October book suggestions
October 1, 2009 12:52 PM   Subscribe

Woohoo, it's October! Lets get some Autumn/Halloween reading suggestions!

There was this from last year and I thought it was a decent thread but hopefully we can get a few more suggestions.

I'll start off with a few -
Dracula - Bram Stoker
House of Leaves - Mark Z. Danielewski - Although the Leaves in the title doesn't relate to autumn, I kept envisioning it taking place during the fall. And not to mention it is a terrifying novel that will scare you for the Halloween season.
posted by CZMR to Media & Arts (18 answers total) 17 users marked this as a favorite
Best answer: Something Wicked this Way Comes -- Ray Bradbury
posted by Allee Katze at 1:15 PM on October 1, 2009 [3 favorites]

"The Legend of Sleepy Hollow" by Washington Irving, if you don't mind a short story instead of a novel?
posted by Jelly at 1:16 PM on October 1, 2009 [1 favorite]

The short story Mr. Dark's Carnival by Glen Hirshberg from The Two Sams takes place on Halloween, and is one of my favorite short stories, ever.
posted by moonshine at 1:20 PM on October 1, 2009

For me, autumn reading needs to be spooky and/or cozy or both.

Anything Neil Gaiman's ever written.
White Apples by Jonathan Carroll.
The Rule of Four by Ian Caldwell.
The Damnation Game by Clive Barker.
Anything Ray Bradbury's ever written but most especially From the Dust Returned (a story about a boy who grows up in a houseful of Hallowe'en creatures.)
The Lord of the Rings by JRR Tolkien.
The Hobbit by JRR Tolkien.
A Night in the Lonesome October by Roger Zelazny (narrated by Jack the Ripper's dog!)
The Lord Peter Wimsey mysteries by Dorothy Sayers.
The Night Watch by Sergei Lukyaneko.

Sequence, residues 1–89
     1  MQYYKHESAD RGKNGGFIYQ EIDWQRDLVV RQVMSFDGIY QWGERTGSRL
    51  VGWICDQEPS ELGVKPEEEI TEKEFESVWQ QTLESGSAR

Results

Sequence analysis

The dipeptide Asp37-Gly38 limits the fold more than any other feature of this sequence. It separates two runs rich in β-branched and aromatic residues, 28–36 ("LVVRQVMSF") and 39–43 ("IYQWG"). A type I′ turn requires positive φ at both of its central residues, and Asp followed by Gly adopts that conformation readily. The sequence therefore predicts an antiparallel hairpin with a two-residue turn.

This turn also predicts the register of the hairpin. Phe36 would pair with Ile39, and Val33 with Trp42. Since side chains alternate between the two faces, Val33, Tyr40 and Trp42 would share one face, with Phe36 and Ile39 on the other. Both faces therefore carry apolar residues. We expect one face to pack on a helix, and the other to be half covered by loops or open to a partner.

Possession by AS Byatt.
The House of the Seven Gables by Nathaniel Hawthorne.
Anything HP Lovecraft or Poe, of course.
The Abhorsen Trilogy by Garth Nix.
Any of Robin McKinley's retelling of fairy-tales: Beauty, Rose Daughter, The Outlaws of Sherwood, Deerskin, Spindle's End -- they're all absolutely fantastic.
Tithe by Holly Black
War for the Oaks by Emma Bull.

And if you're looking for pure fluff, I find Charlaine Harris's Sookie Stackhouse novels to be mildly entertaining and very seasonal (vampires! Werewolves!), but don't go in expecting quality writing because you will be sadly disappointed.
posted by WidgetAlley at 1:24 PM on October 1, 2009 [2 favorites]

The Secret History by Donna Tartt
posted by something something at 1:32 PM on October 1, 2009

It may be "juvenile fiction" but I've loved it ever since my 4th grade teacher Miss Scott read it to us: The House With a Clock in its Walls by John Bellairs - key events in the book happen in the fall, and that's when I always seem to take it off the shelf again.

Also, it's been a little while since I last read 'Salem's Lot by Stephen King, but I seem to recall a lot of great autumn imagery in that one, too.
posted by usonian at 1:52 PM on October 1, 2009

Mark Z. Danielewski's House of Leaves
posted by oinopaponton at 1:58 PM on October 1, 2009